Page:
After month 1, look at your track record. Re-evaluate. If you’ve begun doing these things as second nature and feel good about them, maybe add another habit, like limiting sweets to a few times a week; or upgrade a habit, like adding another 10 minutes to your daily walking total. If they’re still a challenge and you still feel they’re the right goals, keep them up. Are they helping you reach your ultimate goal of losing 20 pounds (have you lost weight)? Perhaps you need to consider changing them to something different. Portion control feel like it’s ruining your life? Maybe try drinking a big glass of water before each meal to help you feel full sooner. There are no right or wrong answers here – it’s what works for you. Have an attitude of doing an experiment, not one of success or failure.

Hope this helps. Happy January! Here’s to a year of possibility!

Creating a daily exercise habit

Someone asked me recently how I help people develop a daily habit of exercising. I have a few methods.

As a starting point, I ask people for their “why.” Why do you want to change your habits? Change is hard and you need a good reason for it. What do you think will change in your life when you develop an exercise habit? Not “my doctor said I should,” or “my blood pressure numbers need to go down.” What makes you -excited- to do the work? What’s important to you? And can you -see- it and -feel- it? How will it feel when you achieve your goal? Imagine it. Visualize it. Be present in that feeling and hold on to it. Revisit it often. Is there a picture, or words that help you bring it to mind? Post that up on your bathroom mirror or somewhere you’ll see it all the time. Let it be ever present in your mind.

As practical matters, consider your obstacles. Run out of time at the end of the day? Get it done first thing. “Too busy” to get a “full workout”? Break it up. Something is better than nothing. Do short spurts when you have a break in your day.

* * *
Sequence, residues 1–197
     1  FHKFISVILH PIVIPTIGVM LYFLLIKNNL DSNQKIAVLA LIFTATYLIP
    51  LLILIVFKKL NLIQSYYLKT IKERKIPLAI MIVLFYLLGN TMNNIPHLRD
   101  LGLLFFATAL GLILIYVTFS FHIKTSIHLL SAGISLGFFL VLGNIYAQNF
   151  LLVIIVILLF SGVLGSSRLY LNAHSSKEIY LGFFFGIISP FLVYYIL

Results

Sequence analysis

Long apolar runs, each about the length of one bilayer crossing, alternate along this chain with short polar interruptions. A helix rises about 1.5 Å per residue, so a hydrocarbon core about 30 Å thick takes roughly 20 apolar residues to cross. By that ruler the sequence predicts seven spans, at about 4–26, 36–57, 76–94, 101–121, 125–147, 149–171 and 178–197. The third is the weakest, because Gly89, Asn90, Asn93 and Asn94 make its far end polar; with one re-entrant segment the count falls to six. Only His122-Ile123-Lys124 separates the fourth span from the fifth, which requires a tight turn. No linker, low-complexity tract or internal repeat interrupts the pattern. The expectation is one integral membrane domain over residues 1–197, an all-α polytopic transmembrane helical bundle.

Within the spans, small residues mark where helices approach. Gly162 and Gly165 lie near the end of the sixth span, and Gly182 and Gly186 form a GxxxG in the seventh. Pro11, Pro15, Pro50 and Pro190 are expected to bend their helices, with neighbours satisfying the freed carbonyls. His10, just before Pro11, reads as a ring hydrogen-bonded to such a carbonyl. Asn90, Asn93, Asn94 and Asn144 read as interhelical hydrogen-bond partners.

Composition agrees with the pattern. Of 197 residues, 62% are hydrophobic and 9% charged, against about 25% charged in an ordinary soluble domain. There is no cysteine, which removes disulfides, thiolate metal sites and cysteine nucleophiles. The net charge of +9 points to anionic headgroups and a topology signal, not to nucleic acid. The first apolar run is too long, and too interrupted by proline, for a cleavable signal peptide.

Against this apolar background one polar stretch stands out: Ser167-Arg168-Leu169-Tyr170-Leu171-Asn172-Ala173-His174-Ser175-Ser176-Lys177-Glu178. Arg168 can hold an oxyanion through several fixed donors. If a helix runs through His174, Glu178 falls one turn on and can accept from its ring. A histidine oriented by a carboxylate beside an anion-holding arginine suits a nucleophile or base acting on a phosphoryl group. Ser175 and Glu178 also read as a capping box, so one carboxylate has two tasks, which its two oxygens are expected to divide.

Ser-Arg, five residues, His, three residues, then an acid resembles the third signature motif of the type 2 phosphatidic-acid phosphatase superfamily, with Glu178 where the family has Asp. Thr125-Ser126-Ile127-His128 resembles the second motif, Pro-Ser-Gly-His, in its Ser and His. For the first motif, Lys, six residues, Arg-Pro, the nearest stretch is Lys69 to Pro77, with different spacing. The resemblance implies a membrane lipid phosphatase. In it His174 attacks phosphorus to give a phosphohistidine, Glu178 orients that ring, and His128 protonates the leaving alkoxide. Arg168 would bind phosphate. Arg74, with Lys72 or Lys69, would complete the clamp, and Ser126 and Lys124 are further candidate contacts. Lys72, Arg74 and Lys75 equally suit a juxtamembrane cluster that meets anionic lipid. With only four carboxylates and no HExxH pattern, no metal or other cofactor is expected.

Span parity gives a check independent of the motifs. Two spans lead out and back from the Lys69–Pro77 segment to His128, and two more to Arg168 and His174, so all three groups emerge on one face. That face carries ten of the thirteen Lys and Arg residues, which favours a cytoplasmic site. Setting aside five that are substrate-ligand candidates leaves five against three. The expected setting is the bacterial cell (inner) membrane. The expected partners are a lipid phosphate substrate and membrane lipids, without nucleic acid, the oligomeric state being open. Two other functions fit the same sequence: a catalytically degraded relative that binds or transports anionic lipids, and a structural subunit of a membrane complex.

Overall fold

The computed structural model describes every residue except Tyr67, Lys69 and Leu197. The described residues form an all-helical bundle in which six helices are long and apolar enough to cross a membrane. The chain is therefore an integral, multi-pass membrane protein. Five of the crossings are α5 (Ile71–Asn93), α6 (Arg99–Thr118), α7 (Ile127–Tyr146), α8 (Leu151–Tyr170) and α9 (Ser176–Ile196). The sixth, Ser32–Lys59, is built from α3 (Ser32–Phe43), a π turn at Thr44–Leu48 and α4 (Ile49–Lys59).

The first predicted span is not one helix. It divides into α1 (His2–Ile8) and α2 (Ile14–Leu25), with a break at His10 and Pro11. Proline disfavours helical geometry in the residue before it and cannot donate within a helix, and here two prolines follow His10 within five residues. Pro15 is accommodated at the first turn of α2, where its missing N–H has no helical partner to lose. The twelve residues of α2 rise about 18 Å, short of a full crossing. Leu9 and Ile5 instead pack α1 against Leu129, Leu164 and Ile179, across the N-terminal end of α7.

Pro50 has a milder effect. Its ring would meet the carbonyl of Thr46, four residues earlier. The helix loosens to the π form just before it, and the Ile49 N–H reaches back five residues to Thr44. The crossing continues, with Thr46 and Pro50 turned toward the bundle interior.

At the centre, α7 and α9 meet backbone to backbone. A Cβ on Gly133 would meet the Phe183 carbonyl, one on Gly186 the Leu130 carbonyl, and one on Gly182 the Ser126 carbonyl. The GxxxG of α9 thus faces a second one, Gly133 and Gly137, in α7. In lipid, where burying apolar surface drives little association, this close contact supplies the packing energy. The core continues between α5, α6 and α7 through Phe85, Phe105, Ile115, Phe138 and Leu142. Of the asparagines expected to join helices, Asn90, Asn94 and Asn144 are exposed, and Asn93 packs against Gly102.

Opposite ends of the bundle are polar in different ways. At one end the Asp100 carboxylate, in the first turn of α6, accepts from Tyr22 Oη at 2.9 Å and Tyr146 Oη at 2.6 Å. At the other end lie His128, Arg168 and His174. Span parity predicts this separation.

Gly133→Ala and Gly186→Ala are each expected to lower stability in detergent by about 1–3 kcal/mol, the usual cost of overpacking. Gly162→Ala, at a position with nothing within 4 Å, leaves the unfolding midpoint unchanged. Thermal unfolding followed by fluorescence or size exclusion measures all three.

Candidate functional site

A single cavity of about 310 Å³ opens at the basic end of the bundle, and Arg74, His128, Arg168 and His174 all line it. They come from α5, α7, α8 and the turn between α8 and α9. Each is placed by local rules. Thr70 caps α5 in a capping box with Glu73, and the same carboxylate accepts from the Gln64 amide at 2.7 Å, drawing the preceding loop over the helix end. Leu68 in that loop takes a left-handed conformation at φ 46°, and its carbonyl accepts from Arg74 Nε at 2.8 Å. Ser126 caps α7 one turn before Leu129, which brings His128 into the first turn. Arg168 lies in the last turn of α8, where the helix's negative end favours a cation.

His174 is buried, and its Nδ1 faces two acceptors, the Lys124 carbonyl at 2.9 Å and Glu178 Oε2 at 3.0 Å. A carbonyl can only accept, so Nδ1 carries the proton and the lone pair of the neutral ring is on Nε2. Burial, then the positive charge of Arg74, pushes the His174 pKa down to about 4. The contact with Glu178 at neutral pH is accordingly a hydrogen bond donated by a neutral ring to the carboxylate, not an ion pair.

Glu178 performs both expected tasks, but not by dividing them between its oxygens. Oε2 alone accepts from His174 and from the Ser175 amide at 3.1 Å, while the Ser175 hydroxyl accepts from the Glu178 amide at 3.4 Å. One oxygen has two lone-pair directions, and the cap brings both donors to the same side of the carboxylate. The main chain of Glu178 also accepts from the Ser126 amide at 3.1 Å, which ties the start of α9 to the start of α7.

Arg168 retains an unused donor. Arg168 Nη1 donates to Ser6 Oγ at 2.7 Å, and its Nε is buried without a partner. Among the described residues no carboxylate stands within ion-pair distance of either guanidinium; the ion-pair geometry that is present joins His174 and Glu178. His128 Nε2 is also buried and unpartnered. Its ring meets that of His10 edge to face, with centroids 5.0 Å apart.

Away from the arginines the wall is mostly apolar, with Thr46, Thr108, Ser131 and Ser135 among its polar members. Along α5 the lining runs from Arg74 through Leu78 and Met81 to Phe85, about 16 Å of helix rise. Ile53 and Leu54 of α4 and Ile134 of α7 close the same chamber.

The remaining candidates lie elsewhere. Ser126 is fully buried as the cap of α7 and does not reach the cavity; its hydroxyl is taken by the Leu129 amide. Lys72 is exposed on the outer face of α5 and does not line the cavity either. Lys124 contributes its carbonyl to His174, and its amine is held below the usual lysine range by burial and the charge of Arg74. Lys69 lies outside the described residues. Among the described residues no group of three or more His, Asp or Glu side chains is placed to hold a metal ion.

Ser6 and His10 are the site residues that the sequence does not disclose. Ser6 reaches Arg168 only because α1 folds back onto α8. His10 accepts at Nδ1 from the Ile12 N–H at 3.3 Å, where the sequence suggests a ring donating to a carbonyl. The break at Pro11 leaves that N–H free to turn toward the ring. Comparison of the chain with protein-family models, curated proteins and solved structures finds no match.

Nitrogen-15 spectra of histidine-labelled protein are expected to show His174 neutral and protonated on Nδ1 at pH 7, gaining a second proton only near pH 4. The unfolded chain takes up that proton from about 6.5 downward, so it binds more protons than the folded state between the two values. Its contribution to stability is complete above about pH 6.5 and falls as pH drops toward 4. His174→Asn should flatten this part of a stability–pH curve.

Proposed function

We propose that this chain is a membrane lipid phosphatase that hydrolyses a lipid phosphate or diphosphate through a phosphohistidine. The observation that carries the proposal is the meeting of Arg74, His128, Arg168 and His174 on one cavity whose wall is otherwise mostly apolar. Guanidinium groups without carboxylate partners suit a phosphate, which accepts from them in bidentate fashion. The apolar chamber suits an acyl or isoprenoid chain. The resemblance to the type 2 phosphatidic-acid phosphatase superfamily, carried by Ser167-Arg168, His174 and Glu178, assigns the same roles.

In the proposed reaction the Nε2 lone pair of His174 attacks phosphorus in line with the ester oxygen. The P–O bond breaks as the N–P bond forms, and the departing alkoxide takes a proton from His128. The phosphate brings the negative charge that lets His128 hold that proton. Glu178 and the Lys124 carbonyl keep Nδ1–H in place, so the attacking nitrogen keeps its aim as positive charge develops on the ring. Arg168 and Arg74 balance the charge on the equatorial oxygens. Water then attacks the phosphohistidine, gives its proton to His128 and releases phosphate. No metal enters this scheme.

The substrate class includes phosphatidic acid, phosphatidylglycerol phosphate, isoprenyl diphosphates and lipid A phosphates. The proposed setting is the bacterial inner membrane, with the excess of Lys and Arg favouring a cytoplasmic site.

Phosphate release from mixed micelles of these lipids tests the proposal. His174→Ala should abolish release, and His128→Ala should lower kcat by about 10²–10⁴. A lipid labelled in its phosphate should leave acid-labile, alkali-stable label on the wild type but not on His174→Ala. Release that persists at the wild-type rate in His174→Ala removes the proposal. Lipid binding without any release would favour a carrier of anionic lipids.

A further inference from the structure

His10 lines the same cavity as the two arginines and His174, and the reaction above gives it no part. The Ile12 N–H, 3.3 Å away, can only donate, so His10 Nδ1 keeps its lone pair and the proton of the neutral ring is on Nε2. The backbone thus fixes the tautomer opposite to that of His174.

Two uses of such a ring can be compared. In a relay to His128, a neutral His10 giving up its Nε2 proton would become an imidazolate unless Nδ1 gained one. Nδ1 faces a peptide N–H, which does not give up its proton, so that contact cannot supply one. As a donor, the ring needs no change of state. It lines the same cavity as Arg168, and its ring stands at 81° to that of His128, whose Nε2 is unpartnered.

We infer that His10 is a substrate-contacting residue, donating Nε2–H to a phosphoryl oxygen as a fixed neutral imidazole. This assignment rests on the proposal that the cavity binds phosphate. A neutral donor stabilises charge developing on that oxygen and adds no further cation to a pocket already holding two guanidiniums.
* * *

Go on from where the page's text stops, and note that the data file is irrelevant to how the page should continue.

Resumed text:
Keep track. I recently discovered habit trackers as part of paper planners, which I’ve fallen in love with and will write a separate post on soon. But here’s how they work: you make a grid (like this), and write down the habits you want to track for the month or week or whatever period of time you want. Then, each day you complete the habit, color in or check off the corresponding box. (You can, of course, use a variety of phone aps for this, and if that works better for you then do it. I’ve found I like seeing the sheet of paper and coloring in as I complete the habits. It makes me feel more accomplished.) Don’t worry when you have a day or two or three where you don’t get the box checked. Just try to fill as many as you can. And next month, try to get more.

Don’t view it as a temporary thing. It’s not. If you make some herculean effort to get fit, get to whatever your goal was, and then stop doing what it was that got you there; you’ll go back to the way things were. There can be periods of heavier training to get to particular goals, but you’ll never not have to exercise. Same for nutrition. If you go on a crazy diet then go back to your pre-diet habits, you’ve gotten nowhere. Make sustainable changes, and don’t try to make them all at once.

Finally, if you’ve been trying all of these and you’re still struggling, reflect on the negative. How do you feel when you don’t complete your habits? Physically? Mentally? Emotionally? What are the consequences of continuing not to make the changes you had decided to? What will your life be like in 6 months if you continue on the same path? In a year? In five? In ten? Don’t like the answers you get? Then go back to the drawing board. What happened? Maybe you tried to change too much, too fast. What’s a smaller change you can make? Maybe half an hour of exercise every day was not something you were ready for. Maybe ten minutes is a better starting point. After you’ve got that down, you can build from there. Don’t be in a hurry to do everything all at once (but don’t put off doing anything at all, either). Small, sustainable change leads to big, impactful change over time if you build on it.